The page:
After being provided with a list of the apps and websites connected to the scheme, Google investigated and found that dozens of the apps used its mobile advertising network. Its independent analysis confirmed the presence of a botnet driving traffic to websites and apps in the scheme. Google has removed more than 30 apps from the Play store, and terminated multiple publisher accounts with its ad networks. Google said that prior to being contacted by BuzzFeed News it had previously removed 10 apps in the scheme and blocked many of the websites. It continues to investigate, and published a blog post to detail its findings.
The company estimates this operation stole close to $10 million from advertisers who used Google’s ad network to place ads in the affected websites and apps. It said the vast majority of ads being placed in these apps and websites came via other major ad networks.
Lots of details in both the BuzzFeed and the Google links.
The Internet advertising industry is rife with fraud, at all levels. This is just one scheme among many.
Posted on October 25, 2018 at 6:49 AM •
Google is tracking you, even if you turn off tracking:
Google says that will prevent the company from remembering where you’ve been. Google’s support page on the subject states: “You can turn off Location History at any time. With Location History off, the places you go are no longer stored.”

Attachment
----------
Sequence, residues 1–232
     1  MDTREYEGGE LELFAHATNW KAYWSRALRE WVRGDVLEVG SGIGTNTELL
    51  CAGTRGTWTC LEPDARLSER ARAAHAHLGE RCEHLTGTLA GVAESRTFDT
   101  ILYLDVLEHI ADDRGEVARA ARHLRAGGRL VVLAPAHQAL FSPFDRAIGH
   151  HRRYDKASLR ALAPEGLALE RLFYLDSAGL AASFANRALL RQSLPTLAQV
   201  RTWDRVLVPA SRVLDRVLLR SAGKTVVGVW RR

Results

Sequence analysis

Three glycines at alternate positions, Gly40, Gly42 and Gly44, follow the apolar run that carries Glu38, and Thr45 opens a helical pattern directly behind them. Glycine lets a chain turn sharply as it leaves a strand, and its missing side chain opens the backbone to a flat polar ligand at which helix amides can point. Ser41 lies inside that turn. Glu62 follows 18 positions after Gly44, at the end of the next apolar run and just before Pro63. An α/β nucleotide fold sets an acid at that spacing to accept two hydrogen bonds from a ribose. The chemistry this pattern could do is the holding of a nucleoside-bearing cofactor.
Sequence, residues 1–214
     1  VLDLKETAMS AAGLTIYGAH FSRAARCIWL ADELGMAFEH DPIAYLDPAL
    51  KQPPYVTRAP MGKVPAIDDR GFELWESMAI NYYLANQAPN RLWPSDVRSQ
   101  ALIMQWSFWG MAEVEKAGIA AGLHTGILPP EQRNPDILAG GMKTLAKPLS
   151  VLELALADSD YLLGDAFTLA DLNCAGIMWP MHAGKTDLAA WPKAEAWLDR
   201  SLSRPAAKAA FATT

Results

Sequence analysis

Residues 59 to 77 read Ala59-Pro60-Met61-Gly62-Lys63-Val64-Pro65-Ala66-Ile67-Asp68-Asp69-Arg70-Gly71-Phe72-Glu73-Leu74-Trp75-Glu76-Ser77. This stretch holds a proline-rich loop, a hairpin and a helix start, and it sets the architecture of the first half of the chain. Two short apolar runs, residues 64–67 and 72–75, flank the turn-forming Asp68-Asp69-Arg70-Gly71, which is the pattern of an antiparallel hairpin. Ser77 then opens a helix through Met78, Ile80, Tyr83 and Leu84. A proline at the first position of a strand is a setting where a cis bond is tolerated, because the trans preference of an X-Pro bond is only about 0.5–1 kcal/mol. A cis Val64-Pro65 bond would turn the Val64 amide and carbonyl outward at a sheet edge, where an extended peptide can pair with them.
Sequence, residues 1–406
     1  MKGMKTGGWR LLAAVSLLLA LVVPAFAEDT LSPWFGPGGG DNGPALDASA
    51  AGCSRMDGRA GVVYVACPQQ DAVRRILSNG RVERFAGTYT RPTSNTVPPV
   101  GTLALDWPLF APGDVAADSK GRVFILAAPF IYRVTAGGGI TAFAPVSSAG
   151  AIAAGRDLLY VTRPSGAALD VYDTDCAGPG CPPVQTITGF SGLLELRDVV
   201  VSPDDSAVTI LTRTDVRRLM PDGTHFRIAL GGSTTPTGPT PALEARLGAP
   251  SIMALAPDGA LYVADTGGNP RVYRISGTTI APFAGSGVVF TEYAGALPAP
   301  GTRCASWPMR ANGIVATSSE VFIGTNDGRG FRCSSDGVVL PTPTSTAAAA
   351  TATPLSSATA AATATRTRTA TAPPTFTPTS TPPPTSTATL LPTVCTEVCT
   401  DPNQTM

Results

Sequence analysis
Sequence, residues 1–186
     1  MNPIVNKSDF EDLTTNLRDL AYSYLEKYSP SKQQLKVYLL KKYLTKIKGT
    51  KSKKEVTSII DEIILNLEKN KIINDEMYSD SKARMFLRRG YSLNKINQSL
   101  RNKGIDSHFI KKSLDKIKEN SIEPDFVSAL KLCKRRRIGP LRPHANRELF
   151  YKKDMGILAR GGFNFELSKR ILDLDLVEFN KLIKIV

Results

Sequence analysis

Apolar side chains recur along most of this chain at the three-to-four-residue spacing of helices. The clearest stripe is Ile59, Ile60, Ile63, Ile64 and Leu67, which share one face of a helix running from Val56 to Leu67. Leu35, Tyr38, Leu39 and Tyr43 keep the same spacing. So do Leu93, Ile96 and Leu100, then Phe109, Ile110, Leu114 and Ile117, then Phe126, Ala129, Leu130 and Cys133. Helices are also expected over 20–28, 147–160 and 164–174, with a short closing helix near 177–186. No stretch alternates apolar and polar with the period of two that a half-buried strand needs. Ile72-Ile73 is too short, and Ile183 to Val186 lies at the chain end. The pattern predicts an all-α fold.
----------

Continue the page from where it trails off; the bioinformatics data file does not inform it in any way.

That isn’t true. Even with Location History paused, some Google apps automatically store time-stamped location data without asking.
For example, Google stores a snapshot of where you are when you merely open its Maps app. Automatic daily weather updates on Android phones pinpoint roughly where you are. And some searches that have nothing to do with location, like “chocolate chip cookies,” or “kids science kits,” pinpoint your precise latitude and longitude - accurate to the square foot - and save it to your Google account.
On the one hand, this isn’t surprising to technologists. Lots of applications use location data. On the other hand, it’s very surprising — and counterintuitive — to everyone else. And that’s why this is a problem.
I don’t think we should pick on Google too much, though. Google is a symptom of the bigger problem: surveillance capitalism in general. As long as surveillance is the business model of the Internet, things like this are inevitable.
Posted on August 14, 2018 at 6:22 AM •
Krebs on Security is reporting that all 85,000 Google employees use two-factor authentication with a physical token.
A Google spokesperson said Security Keys now form the basis of all account access at Google.
“We have had no reported or confirmed account takeovers since implementing security keys at Google,” the spokesperson said. “Users might be asked to authenticate using their security key for many different apps/reasons. It all depends on the sensitivity of the app and the risk of the user at that point in time.”
Now Google is selling that security to its users: